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Sixth formers: how has coronavirus impacted you? | Education

Coronavirus has impacted all levels of education, from nurseries to final exams. But for many 17 and 18 year olds, the impact has been particularly acute. These students have had their A Level exams cancelled, and many are likely to be starting university or work with social distancing and remote learning in place. This year group were also the first to experience the new GCSE exam system two years ago. For many 17 and 18 year olds, key milestones have…

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‘The gap will be bigger than ever’: grammar school exams still going ahead | Education

In this time of crisis, exams are off: GCSEs, A-levels, Sats. All except one … the 11-plus, a test that was phased out in most parts of the country decades ago, but that means everything to families in areas still operating a system of grammars and de facto secondary moderns. A quick scan of grammar school websites around the country shows that, so far, it is business as usual. The entire world may have stopped in its tracks but, in…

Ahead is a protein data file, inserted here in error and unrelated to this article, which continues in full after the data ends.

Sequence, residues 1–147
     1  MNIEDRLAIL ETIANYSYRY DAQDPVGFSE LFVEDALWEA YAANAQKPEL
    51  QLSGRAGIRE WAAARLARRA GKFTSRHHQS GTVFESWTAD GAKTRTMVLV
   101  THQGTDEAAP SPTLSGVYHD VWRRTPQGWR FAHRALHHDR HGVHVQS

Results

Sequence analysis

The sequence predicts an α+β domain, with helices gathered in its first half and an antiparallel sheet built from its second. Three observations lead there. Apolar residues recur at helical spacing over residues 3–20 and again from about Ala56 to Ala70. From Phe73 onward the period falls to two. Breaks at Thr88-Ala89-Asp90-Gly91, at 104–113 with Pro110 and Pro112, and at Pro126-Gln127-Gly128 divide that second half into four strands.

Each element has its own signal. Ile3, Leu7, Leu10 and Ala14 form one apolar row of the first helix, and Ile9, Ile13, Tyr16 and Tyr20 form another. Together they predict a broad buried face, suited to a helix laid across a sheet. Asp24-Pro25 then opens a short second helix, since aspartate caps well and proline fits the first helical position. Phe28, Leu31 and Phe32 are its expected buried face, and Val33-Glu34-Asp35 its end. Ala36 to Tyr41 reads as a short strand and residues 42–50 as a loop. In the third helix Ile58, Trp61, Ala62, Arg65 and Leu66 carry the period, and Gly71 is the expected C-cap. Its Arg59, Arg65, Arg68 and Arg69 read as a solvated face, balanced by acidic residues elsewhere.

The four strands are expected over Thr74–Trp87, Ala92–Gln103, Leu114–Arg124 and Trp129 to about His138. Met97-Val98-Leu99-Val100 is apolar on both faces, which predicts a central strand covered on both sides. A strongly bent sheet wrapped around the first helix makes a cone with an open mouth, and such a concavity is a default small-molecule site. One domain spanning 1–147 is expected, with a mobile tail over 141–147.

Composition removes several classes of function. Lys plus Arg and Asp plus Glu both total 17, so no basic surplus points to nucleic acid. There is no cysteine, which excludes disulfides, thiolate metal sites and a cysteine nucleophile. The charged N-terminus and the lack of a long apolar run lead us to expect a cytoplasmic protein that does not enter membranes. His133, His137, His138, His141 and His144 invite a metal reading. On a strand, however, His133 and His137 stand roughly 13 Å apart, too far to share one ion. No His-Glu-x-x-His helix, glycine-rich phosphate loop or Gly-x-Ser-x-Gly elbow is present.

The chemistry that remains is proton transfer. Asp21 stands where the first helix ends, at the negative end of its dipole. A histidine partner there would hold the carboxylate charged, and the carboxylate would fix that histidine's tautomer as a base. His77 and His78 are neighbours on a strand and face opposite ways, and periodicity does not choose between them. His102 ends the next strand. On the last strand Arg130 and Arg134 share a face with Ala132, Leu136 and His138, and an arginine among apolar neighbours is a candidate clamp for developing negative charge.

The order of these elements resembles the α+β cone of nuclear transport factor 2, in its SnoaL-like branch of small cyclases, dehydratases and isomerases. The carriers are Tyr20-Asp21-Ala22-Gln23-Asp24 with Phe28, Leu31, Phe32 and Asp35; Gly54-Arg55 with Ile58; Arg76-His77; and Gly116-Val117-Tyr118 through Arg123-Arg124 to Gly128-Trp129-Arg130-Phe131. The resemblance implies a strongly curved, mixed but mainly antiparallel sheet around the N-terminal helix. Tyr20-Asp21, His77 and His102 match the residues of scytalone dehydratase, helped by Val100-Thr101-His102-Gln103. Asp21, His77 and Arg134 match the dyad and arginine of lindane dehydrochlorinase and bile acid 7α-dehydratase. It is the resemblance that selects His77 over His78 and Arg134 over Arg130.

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Schools and exam boards undermine promise to pupils of September tests | Education

A row is brewing between examination boards, schools, the government and England’s exam regulator over whether pupils unhappy with their assessed GCSE or A-level grades will have the chance to sit the exams in autumn, as promised. When the Department for Education and Ofqual, the exam regulator, announced that this summer’s GCSE and A-level exams would be cancelled and replaced with assessed grades, students were told they would have the option to take the exams “as soon as reasonably possible”…

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Parents and pupils overwhelm schools with pleas for good grades | Education

Anxious pupils and parents are bombarding schools with pleas to award good grades in the new teacher assessments that have been put in place in lieu of cancelled exams. Schools are being forced to advise staff to ignore contact from families who are trying to influence teachers’ judgments. GCSE and A-level teachers have been told to stop setting work for pupils in a bid to deflect attempts to sway teacher assessments and the final grades teachers they submit to the…

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Will GCSE and A-level students get a fair deal when coronavirus has cancelled exams? | Education